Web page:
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protest art

Spinning This Hacked Umbrella Turns It into an LED Screen for Protesters

GS&P's BETA lab speed-hacked a bike LED, turning it into the perfect tool for urban disruption.

The problem with protest signs? They never change, and in changing times, it's often adapt on the fly—or die. Well, hackers at BETA Lab, the tech art arm of creative agency Goodby Silverstein & Partners have come up with a solution, and if it takes off, it could make your daily disruptions more dazzling.

SPRIZZLE = "Spinning Visual" is a spinning umbrella LED protest sign that can show images and video. Basically, by zip-tying a spinning bike LED sign to an umbrella, they've created a collapsible digital screen that allows you to get a multimedia message out on the fly. "The idea is that a single or multiple people could use these during a protest to push their messaging further and in a more digital fashion," Troy Lumpkin, a member of the BETA team, tells Creators. "It's basically a Blade Runner-protest sign-conversation starter."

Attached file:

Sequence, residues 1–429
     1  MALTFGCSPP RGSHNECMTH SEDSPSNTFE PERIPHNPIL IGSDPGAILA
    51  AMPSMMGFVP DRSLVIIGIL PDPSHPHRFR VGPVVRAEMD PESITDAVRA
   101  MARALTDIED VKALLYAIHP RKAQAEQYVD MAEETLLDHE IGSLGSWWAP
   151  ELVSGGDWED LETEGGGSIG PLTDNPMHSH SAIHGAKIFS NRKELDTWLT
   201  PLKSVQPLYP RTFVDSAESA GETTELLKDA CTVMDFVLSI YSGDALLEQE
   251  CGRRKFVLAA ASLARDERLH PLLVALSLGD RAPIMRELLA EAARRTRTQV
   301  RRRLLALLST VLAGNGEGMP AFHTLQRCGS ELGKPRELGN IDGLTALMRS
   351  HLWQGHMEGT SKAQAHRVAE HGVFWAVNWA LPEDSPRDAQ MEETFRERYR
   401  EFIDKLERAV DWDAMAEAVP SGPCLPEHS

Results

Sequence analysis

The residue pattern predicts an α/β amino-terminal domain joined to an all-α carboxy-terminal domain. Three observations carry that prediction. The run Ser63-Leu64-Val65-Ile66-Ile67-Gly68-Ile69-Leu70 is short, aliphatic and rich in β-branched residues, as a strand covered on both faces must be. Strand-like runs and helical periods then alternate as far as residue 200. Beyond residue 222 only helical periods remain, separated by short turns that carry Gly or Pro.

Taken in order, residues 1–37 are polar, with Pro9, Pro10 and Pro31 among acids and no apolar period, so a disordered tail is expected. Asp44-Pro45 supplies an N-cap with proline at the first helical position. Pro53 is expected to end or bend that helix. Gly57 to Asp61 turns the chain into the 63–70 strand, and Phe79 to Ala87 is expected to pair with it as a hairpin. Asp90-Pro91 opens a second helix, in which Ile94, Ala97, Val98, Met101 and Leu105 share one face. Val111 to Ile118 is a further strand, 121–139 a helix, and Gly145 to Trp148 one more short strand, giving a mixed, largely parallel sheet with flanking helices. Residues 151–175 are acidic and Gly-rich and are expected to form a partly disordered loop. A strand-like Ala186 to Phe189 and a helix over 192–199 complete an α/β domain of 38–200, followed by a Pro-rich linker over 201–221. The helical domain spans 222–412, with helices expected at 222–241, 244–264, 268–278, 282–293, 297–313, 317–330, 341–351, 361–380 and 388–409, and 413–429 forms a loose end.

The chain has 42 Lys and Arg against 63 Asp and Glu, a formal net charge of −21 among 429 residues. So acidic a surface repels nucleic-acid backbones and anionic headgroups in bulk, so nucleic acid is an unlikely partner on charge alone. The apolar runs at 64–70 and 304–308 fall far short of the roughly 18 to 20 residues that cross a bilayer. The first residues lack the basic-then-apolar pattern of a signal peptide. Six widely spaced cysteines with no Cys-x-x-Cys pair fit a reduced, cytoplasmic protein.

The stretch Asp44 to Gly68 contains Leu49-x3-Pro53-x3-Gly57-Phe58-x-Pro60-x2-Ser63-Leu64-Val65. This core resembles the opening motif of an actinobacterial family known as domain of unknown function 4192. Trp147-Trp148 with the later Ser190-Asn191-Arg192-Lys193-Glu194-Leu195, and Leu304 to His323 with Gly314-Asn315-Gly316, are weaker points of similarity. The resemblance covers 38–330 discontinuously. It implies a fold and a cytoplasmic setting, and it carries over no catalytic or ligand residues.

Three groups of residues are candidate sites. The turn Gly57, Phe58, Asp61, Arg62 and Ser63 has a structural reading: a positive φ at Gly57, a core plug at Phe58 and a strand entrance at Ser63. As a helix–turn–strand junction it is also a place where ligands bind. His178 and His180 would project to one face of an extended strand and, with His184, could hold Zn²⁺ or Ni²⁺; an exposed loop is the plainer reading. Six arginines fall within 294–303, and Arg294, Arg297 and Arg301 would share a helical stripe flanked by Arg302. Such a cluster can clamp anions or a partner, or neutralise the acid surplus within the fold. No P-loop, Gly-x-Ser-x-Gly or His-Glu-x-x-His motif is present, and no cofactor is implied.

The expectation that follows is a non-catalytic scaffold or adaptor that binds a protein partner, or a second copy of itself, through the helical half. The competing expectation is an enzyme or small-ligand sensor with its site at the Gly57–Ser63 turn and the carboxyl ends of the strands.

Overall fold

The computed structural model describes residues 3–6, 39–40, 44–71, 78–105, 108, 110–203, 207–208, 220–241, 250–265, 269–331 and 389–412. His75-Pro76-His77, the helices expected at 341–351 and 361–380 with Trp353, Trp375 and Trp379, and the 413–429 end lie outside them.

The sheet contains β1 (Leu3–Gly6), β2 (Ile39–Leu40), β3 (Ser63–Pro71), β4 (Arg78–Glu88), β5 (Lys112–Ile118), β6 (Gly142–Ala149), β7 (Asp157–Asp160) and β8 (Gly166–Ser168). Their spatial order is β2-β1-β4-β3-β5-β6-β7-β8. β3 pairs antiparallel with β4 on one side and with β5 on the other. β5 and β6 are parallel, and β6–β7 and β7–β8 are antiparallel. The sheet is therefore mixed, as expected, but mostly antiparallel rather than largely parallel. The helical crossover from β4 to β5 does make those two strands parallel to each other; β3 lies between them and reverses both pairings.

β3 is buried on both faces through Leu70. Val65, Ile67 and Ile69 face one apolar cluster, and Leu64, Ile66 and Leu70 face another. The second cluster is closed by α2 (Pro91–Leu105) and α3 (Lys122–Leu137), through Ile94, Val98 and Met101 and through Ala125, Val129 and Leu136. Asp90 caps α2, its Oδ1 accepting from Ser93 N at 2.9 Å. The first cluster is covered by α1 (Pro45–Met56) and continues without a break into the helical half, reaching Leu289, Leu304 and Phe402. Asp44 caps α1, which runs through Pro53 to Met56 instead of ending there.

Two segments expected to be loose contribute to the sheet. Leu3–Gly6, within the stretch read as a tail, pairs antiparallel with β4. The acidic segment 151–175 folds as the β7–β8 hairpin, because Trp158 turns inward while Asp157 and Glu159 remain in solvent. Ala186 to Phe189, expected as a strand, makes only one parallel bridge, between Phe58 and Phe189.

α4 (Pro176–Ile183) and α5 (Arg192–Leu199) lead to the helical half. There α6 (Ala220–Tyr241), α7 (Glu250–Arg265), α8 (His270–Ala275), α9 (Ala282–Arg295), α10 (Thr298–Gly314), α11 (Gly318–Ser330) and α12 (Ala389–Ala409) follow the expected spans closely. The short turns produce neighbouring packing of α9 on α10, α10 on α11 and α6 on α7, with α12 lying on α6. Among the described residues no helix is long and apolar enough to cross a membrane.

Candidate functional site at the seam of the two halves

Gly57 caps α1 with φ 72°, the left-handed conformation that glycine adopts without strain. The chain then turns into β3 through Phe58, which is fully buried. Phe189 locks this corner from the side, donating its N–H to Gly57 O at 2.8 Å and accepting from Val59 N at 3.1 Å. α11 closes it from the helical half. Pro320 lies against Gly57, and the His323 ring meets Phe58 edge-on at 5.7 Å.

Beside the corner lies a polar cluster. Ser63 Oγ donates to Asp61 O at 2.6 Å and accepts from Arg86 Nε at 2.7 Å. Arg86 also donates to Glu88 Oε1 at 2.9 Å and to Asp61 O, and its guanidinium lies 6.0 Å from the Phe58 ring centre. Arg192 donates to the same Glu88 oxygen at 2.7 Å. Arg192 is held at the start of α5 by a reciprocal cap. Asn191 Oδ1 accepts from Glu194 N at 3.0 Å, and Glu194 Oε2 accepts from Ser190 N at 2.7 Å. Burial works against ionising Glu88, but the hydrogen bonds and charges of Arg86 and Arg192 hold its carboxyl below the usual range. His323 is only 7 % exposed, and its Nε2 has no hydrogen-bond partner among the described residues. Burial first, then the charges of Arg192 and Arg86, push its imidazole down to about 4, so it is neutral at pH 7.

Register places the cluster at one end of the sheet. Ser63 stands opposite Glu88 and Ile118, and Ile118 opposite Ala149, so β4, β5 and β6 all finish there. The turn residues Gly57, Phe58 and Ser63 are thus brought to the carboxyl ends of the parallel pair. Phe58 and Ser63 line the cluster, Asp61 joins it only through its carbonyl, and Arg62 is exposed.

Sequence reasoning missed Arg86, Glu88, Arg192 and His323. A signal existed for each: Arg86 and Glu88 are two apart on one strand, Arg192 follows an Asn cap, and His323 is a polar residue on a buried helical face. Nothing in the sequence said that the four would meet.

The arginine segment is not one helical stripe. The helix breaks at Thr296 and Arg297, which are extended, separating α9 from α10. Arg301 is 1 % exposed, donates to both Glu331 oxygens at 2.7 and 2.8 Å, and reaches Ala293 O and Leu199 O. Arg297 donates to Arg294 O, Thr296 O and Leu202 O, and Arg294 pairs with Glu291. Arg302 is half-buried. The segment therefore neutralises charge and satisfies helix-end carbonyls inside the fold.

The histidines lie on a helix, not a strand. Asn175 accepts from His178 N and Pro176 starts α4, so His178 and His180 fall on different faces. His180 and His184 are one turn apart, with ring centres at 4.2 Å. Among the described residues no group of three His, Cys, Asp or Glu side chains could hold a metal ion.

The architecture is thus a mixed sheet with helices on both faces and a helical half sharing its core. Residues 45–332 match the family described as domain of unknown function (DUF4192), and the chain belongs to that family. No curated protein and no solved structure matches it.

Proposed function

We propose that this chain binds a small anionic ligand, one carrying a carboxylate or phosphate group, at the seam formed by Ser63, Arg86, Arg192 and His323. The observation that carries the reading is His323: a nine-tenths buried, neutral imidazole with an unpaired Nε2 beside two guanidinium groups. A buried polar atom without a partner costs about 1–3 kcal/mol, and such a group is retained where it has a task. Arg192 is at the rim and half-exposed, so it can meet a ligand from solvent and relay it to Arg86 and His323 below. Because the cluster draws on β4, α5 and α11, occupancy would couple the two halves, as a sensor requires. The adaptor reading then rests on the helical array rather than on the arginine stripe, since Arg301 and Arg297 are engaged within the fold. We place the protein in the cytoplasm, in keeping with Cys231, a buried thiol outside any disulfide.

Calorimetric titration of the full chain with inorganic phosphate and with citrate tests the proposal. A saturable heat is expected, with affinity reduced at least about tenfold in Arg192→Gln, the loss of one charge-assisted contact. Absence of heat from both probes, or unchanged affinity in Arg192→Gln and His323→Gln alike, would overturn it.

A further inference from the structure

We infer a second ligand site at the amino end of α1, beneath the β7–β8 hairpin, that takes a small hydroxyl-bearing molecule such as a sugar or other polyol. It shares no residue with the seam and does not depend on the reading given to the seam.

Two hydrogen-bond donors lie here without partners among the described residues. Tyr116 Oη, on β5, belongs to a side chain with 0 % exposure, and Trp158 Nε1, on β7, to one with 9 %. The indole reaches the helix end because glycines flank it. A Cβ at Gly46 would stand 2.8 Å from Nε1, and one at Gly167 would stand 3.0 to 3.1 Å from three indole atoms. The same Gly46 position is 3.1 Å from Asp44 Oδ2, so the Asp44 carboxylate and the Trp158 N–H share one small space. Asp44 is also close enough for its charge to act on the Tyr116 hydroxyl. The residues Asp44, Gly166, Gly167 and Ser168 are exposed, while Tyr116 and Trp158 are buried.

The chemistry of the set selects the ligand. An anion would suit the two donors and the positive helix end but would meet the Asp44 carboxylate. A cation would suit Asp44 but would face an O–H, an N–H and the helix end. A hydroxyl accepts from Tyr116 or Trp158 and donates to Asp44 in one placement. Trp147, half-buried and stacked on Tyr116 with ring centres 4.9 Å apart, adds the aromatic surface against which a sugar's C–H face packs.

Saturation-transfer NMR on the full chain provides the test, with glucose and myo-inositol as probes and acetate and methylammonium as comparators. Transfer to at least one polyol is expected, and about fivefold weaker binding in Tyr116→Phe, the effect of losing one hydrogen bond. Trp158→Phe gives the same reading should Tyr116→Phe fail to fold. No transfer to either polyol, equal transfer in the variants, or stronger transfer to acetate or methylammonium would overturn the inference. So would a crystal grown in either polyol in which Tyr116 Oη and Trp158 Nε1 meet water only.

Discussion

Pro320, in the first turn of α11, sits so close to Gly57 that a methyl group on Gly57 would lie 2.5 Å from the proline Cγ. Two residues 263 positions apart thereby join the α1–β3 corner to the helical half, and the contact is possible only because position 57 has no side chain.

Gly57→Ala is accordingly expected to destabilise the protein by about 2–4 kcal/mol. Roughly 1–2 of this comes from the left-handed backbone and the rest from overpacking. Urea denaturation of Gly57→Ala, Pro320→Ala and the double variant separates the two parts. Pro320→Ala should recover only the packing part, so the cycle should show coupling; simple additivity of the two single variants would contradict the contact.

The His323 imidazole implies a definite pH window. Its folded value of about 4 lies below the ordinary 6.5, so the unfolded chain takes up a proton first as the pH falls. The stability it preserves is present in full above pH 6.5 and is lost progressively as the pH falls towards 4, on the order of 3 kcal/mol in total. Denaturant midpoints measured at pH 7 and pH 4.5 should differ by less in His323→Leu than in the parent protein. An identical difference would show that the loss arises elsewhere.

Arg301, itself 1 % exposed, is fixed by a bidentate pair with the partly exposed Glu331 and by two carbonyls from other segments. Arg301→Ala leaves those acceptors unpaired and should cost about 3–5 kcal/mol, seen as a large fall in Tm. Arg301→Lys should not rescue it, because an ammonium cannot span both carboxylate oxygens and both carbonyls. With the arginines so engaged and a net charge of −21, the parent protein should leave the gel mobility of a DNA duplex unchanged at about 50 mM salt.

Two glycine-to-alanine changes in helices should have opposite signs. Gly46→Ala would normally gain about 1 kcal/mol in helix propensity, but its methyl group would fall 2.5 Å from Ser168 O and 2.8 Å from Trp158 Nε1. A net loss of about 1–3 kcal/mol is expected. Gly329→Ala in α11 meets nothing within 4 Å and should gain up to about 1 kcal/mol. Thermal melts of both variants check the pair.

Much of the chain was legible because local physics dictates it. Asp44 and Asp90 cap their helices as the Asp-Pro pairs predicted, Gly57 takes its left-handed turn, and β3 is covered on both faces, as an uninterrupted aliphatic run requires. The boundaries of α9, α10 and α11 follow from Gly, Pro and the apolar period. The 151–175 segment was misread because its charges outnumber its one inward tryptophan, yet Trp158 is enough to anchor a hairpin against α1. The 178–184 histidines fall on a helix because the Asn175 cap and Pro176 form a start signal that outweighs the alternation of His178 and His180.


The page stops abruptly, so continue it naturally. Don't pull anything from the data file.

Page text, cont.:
While, like the Lab itself, SPRIZZLE is still in beta, you can check it out in action in the GIFs and images below.

Click here to visit GS&P's website.

SPRIZZLE = "Spinning Visual" credits:
August Björnberg
Severin Sauliere
Matt Chiang
Quinn Gravier
Mark Sandhoff
Michael Miller
Hanna Hellneg
Troy Lumpkin


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